Patient information

Should I have the influenza vaccine?

Understandably, women are concerned about having any vaccinations in pregnancy. It is strongly recommended by national UK organisations that pregnant women have the influenza vaccination. The influenza vaccine is a safe and thoroughly tested vaccine, which is not live and cannot lead to the baby or mother getting influenza.

It’s safe for the mother and not only reduces the chances of catching influenza but also the serious complications associated with it (such as, pneumonia).

Having the vaccine will also protect your baby by decreasing the chances of miscarriage, early birth and low birthweight. It will also give the baby protection against influenza in the first few months of life.

Should I have the whopping cough (pertussis) vaccine?

All pregnant women have been offered the whopping cough vaccine between 28 and 38 weeks of pregnancy since 2012. This is even if they have been vaccinated as a child as the effects of previous vaccines may have worn off. The vaccine is being offered because there has been a dramatic increase in the number of reported cases of whopping cough in the UK. Babies are not vaccinated against whopping cough until they are two months old. This leaves them vulnerable in their first few weeks of life. By having the vaccine, antibodies cross the placenta which will protect your new born baby.

It is a potentially serious condition and babies who contract the condition are at risk of pneumonia and brain damage.

The vaccine has been widely used and there is no evidence of it being harmful. It is not a live vaccine, so women cannot catch whopping cough

Is air travel safe in pregnancy?

Air travel is safe in pregnancy if you have an uncomplicated/ low risk pregnancy. If you want to fly after 28 weeks you will need a letter from your doctor but the airline still have the power to refuse to carry you.

In general terms, long haul flights are safe until about 30 weeks of pregnancy and short haul flights until 36 weeks if you have a single fetus. The guidance for twins is less flexible. The specific rules vary for each airline and it is important to check with them. Not only must you consider how many weeks you will be when you fly, but also how many you’ll be when you return.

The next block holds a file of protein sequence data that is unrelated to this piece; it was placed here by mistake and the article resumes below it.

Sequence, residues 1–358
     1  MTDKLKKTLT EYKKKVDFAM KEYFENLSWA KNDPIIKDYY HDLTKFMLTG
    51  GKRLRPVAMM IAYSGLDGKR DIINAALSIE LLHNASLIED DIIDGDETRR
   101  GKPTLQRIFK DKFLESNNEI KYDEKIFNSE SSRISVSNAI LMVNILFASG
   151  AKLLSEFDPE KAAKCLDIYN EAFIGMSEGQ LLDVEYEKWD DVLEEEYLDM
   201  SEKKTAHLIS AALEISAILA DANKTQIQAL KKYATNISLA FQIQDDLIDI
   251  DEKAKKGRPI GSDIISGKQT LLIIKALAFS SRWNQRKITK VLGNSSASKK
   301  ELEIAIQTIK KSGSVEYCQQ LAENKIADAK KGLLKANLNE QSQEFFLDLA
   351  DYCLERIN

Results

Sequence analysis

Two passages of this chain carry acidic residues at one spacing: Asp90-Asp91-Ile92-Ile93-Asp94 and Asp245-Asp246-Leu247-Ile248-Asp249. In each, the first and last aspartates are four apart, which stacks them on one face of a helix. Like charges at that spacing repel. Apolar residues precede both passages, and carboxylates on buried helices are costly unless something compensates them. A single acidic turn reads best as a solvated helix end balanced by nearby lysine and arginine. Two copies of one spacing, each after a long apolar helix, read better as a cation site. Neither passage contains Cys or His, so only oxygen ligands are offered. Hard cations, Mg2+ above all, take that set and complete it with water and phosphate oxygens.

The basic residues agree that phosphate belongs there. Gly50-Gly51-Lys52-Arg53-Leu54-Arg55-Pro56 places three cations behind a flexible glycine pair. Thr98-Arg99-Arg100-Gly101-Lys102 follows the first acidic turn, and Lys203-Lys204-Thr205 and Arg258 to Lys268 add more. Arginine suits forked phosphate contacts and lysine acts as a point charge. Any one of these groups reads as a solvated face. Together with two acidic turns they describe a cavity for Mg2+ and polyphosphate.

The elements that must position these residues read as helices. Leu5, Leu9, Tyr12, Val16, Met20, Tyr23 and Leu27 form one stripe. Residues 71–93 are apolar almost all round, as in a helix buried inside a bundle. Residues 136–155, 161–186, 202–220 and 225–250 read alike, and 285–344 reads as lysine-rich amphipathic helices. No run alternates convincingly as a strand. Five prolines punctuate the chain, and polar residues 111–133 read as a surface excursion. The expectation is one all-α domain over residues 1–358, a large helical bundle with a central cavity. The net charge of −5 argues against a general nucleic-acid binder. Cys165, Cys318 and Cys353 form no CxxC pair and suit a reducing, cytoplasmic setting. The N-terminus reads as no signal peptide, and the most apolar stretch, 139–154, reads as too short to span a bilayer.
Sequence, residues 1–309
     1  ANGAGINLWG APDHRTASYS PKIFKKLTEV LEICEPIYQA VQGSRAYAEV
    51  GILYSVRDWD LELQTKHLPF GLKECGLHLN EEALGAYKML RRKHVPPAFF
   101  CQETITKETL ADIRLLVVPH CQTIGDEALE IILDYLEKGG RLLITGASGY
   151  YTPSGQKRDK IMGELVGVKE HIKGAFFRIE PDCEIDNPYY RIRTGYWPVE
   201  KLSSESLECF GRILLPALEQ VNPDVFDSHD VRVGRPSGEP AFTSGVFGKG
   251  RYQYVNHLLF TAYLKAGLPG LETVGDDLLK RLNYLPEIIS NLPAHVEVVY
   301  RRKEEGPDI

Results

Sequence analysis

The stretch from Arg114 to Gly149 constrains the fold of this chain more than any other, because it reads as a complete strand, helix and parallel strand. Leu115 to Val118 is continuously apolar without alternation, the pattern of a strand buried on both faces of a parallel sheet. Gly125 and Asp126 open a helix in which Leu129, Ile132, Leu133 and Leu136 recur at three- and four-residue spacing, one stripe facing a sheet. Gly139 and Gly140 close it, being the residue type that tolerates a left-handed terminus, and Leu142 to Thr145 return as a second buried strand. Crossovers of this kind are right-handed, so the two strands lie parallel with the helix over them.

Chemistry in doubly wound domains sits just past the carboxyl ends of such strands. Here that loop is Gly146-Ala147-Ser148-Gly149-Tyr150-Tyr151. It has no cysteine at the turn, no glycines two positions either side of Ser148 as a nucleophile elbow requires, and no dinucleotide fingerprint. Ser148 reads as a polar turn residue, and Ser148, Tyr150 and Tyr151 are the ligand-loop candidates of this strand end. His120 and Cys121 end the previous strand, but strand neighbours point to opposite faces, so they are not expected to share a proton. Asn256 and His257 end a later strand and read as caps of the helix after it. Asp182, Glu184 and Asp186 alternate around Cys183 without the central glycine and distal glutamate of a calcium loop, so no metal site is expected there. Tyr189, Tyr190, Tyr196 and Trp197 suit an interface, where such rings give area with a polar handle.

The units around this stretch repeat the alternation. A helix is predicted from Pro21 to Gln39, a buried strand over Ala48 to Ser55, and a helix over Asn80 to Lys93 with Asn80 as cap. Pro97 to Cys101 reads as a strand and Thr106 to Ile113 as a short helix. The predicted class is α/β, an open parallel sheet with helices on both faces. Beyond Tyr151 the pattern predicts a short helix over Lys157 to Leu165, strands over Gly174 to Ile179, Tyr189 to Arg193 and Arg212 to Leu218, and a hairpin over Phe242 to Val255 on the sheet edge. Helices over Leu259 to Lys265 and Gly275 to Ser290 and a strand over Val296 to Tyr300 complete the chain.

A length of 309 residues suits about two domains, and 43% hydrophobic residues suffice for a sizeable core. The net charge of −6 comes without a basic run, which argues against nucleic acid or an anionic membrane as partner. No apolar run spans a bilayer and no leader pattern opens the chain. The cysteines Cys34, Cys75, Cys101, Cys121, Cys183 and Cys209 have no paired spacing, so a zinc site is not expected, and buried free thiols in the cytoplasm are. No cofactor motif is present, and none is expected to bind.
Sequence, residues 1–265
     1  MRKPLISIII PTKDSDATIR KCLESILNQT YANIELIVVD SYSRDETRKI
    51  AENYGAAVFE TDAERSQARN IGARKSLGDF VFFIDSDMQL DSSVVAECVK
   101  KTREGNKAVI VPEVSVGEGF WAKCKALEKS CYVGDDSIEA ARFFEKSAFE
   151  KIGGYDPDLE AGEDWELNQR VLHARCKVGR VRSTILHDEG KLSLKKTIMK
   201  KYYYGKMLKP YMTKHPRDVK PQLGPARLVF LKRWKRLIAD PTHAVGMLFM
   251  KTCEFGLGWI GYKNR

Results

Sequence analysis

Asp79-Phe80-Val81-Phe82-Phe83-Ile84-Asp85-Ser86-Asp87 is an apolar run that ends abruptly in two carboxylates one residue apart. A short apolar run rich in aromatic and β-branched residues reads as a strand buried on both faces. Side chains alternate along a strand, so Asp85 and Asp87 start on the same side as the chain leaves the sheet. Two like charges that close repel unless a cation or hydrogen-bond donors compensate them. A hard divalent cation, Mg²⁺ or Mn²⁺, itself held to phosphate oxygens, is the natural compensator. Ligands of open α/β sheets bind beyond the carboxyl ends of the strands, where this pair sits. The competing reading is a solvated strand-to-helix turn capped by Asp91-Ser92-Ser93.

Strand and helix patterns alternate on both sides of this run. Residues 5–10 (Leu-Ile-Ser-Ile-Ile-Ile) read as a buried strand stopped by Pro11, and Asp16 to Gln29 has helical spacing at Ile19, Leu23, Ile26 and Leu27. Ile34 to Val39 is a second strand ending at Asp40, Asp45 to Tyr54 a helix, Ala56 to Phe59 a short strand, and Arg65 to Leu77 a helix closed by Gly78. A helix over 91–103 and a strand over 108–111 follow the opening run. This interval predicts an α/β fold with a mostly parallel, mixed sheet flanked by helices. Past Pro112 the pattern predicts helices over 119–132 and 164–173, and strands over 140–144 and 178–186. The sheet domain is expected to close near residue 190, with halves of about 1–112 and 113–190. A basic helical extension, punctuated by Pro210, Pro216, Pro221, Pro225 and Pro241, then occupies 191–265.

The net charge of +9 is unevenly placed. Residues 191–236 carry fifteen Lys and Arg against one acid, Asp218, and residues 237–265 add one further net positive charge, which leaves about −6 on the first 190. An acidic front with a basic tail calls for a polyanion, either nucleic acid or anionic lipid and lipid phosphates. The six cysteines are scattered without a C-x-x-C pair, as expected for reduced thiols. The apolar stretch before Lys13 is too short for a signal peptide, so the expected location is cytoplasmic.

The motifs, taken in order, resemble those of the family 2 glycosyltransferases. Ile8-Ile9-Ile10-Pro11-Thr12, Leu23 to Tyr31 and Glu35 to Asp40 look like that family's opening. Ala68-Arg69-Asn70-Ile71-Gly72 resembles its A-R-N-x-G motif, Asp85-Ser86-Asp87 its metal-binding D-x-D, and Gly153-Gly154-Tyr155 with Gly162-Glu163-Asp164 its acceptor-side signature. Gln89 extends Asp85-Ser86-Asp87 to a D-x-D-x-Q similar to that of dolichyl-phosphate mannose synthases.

If you have any medical problems or are high risk, you should discuss your travel plans with your doctor.

What can be more concern is where you’re flying to? This is something you will need to think carefully about and the risks you are willing to accept. For example, will there be adequate medical facilities nearby and could they look after a pre-term baby? And, if you did deliver early, would you be willing to stay there until the baby was fit to travel. You will also need to ensure that your travel insurance covers pregnancy as many policies exclude this.

Visiting the dentist

Dental problems can occur in pregnancy and bleeding gums are common. It is safe and advisable to have routine appointments in pregnancy. Always inform your dentist if you are pregnant as it may not be obvious in the early stages. They can then modify the treatments if required. For example, dental xrays are usually avoided in pregnancy but there can be occasions when the risks of the xray are outweighed by the benefits if urgent treatment is required.

If you are entitled to NHS care, you will also be entitled for free NHS dental care. You will need to show the dentists either a MATB1 or a prescription exemption certificate as proof.

Diet in pregnancy

In pregnancy, as at any other time, it is important to maintain a health balanced diet. Whilst you may be hungrier, it’s a myth that you need to eat for two. Adjusting your snacks and choosing healthier options can be one way of tackling your hunger without eating excess sweet, fat or processed food.

Foods to avoid in pregnancy

The list of forbidden foods seems to grow as you ask more people for advice. Here is a general list:

Dairy: Unpasteurised milk and cheese, blue veined cheese, mould ripened soft cheeses (e.g. brie, chevre, camembert), raw/uncooked eggs.

Meat: any under-cooked/raw meat, pate, liver.

Fish: some types of fish (marlin, shark, swordfish and limit tuna), raw shellfish, sushi if the fish used has not been frozen

Caffeine: It is advisable to limit caffeine in pregnancy. As a general rule, only one cup of coffee or tea per day

Avoid all supplements containing vitamin A